Pettersson Making Name for Himself

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04 Honda ClassicPALM BEACH GARDENS, Fla. -- His birthplace is Sweden, even though Carl Pettersson doesn't look the part.
 
He wears regular golf attire -- no pink pants, tight-fitting shirts or the bill of his cap flipped up. He sounds different than most of them, having moved to England at age 10 and then North Carolina as a teenager.
 
Carl PetterssonIn fact, Swedish golf officials didn't even realize Pettersson was one of their own until they saw his name in the college rankings a few years ago.
 
'The Swedish national coach called me up and asked if I was Swedish,' Pettersson said. 'He wanted to know if I wanted to play for Sweden. I guess that was the first time somebody in Sweden had ever heard of me.'
 
That could change this weekend at the Honda Classic.
 
The 26-year-old whom Jesper Parnevik jokingly referred to as a 'mystery Swede' made it no secret that he's the guy to beat on the Sunrise course at Mirasol.
 
Pettersson shot a 4-under-par 68 Friday, giving him a three-shot lead over Brad Faxon (66) and Todd Hamilton (66). At 13-under 131, Pettersson has the largest 36-hole margin on the PGA Tour this year.
 
'I've never had a 36-hole lead,' he said. 'We'll see what happens.'
 
He has had some success, although nothing that would make him a household name.
 
Pettersson was tied for the first-round lead in the 2002 British Open at Muirfield and still in contention Saturday afternoon until a sloppy finish knocked him out of the picture.
 
He was the runner-up no one remembers at the Buick Invitational last year at Torrey Pines -- Pettersson was never a factor, and finished four shots behind Tiger Woods.
 
Now, he has a chance to make a name for himself.
 
'It all depends on the weekend,' Pettersson said.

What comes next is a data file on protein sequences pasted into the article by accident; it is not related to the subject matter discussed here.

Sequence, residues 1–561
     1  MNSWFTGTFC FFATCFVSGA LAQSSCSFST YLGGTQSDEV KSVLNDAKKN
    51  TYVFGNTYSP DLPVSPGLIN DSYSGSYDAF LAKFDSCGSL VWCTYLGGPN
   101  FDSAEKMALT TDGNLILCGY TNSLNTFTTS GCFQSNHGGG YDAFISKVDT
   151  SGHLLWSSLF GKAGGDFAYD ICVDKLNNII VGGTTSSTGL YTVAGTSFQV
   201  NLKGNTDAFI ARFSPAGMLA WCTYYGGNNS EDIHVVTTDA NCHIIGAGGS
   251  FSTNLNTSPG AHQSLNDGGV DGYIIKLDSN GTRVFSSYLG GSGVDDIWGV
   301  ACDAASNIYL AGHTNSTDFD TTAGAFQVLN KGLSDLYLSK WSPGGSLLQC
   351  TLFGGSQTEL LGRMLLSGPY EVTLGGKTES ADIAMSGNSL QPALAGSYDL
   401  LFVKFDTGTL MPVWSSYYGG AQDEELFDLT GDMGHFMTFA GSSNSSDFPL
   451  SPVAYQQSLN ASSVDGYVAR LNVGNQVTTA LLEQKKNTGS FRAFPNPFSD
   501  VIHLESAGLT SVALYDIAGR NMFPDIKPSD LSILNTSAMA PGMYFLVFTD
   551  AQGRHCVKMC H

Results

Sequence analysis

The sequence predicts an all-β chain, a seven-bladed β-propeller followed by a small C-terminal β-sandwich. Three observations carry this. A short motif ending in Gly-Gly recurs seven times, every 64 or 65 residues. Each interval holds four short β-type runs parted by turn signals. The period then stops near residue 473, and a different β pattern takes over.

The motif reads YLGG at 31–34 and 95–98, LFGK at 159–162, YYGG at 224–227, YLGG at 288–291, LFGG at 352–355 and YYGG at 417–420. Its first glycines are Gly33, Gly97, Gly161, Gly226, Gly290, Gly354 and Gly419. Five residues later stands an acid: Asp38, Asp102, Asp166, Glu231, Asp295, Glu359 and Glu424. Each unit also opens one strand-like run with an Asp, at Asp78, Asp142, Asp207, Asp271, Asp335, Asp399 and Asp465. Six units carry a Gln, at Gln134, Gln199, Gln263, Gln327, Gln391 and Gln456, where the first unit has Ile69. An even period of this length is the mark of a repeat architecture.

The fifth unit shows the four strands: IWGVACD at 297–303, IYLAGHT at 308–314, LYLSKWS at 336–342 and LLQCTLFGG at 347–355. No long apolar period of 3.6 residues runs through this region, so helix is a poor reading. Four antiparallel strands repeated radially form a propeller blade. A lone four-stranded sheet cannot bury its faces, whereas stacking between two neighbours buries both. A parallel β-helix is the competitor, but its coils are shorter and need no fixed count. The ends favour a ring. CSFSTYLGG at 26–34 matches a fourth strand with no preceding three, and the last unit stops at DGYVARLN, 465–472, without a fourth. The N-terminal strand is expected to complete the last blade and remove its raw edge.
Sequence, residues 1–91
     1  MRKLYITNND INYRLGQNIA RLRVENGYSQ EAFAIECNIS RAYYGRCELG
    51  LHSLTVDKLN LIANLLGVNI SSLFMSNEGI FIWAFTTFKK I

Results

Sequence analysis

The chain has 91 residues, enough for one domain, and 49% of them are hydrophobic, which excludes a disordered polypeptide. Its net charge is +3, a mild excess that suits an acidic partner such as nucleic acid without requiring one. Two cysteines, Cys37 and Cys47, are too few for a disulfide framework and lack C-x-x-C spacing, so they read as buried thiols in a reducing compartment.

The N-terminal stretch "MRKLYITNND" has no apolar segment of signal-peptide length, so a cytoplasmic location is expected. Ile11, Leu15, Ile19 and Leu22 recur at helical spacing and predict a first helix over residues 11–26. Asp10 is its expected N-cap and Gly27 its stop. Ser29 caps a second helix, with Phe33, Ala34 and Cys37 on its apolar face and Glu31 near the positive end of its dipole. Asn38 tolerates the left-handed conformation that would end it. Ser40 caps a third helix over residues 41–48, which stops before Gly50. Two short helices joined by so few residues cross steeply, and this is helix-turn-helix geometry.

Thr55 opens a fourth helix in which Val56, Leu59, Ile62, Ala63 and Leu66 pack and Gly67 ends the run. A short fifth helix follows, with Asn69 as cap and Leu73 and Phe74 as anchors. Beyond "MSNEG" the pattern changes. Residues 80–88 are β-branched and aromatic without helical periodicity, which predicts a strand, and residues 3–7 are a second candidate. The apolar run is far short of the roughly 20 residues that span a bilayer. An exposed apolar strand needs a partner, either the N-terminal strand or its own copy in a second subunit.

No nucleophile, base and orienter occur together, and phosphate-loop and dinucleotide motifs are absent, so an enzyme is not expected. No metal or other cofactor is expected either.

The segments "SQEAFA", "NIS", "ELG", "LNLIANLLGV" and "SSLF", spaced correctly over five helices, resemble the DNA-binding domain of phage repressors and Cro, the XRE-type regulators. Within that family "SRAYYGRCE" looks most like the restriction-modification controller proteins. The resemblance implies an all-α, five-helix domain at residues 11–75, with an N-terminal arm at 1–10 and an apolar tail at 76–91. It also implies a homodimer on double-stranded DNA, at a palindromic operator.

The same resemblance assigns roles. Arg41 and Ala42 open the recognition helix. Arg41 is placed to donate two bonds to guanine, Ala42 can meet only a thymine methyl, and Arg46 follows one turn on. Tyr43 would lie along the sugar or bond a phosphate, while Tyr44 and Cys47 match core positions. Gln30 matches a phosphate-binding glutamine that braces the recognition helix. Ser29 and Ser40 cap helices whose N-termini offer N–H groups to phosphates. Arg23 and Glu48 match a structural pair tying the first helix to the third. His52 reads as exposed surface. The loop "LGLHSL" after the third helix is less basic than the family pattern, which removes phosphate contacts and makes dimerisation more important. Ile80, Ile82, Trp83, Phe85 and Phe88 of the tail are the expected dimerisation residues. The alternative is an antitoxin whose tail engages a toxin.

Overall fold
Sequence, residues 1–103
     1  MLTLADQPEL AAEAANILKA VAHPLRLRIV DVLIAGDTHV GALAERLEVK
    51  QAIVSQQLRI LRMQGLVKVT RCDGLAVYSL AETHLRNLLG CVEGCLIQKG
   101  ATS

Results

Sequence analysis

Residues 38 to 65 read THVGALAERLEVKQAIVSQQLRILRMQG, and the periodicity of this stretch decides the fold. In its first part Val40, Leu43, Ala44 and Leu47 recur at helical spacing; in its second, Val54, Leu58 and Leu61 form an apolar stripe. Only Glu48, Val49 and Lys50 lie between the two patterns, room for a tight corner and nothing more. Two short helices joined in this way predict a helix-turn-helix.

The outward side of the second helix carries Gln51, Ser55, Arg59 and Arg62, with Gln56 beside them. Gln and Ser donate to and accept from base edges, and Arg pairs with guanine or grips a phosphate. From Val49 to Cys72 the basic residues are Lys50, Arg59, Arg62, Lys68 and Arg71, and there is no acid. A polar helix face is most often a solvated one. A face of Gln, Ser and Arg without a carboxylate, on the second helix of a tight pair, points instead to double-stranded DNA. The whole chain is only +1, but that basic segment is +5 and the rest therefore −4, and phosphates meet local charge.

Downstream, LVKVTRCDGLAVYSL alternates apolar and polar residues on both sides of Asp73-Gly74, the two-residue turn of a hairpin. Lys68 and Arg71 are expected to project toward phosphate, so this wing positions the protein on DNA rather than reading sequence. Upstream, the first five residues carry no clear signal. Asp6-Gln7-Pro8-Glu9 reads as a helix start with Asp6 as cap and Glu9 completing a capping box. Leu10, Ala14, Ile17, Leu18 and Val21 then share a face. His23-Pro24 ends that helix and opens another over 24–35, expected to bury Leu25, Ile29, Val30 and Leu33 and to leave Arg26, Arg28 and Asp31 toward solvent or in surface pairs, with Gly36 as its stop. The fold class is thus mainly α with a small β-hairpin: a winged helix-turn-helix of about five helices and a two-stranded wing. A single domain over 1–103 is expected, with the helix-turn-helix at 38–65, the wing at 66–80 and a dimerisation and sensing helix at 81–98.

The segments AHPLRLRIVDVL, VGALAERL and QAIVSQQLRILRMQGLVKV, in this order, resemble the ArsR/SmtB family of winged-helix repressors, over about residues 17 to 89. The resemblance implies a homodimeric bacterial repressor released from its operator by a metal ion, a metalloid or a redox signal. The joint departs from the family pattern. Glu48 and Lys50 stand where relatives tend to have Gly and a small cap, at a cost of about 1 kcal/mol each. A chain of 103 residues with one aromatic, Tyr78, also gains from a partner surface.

He will play the Sunrise course Saturday with Faxon, who was exceptional as ever with his putter. Faxon had five birdies in a seven-hole stretch -- one of them after a fortunate bounce off a trash can -- and saved par on four of his final five holes in making a 36-hole cut for the first time this year.
 
Faxon tore ligaments in his right knee over Thanksgiving, decided not to have surgery and is slowly putting his game together.
 
'The last two weeks there's been some good progress in my knee,' he said.
 
Hamilton was an All-American on Oklahoma's golf team, but that was back when Barry Switzer was the football coach. He has spent most of his 17-year career in Asia and finally got through Q-school last year. That makes him a 38-year-old rookie on the PGA Tour, and another guy who would love to make a name for himself at Mirasol.
 
The only difficulty Pettersson has faced this week is how to pronounce his name.
 
He was called 'PET-er-son' when he was in contention at Muirfield two years ago. But having spent the last 11 years in the United States, and married a girl from North Carolina, he decided to go with 'Peterson.'
 
Parnevik takes it one step farther, referring to him as 'the only redneck Swede on the planet.'
 
For two days on the Sunrise course at Mirasol, he's simply been the best golfer.
 
Pettersson opened with a 63, although Faxon and Hamilton surpassed him on the leaderboard by the time the Swede teed off in the afternoon.
 
He hit a 6-iron into 12 feet for birdie on the par-3 11th (his second hole), and got away with a slight miss on the difficult 14th. Pettersson was trying to land his 7-iron from 181 yards, some 15 feet right of the hole, pulled it slightly and came within inches of holing out for eagle.
 
His lone bogey came from a fairway bunker on No. 2, but he atoned for that by smashing a 3-wood from the left rough to the front of the green on the par-5 fifth, two-putting from nearly 100 feet for birdie.
 
Pettersson still has his work cut out for him.
 
While Mirasol has been kind and gentle, all it takes is a little wind to make the elevated, heavily contoured greens turn even the good shots into a potential disaster.
 
The cut, which was a record 6-under last year at the Sunset course, was even par.
 
Greg Norman, making his 2004 debut, looked like he might make the cut until he hit a provisional ball on the 13th hole fearing his tee shot was in the hazard. Players are not allowed to hit provisional shots unless the ball is believed to be lost or out of bounds, and Norman wound up disqualifying himself.
 
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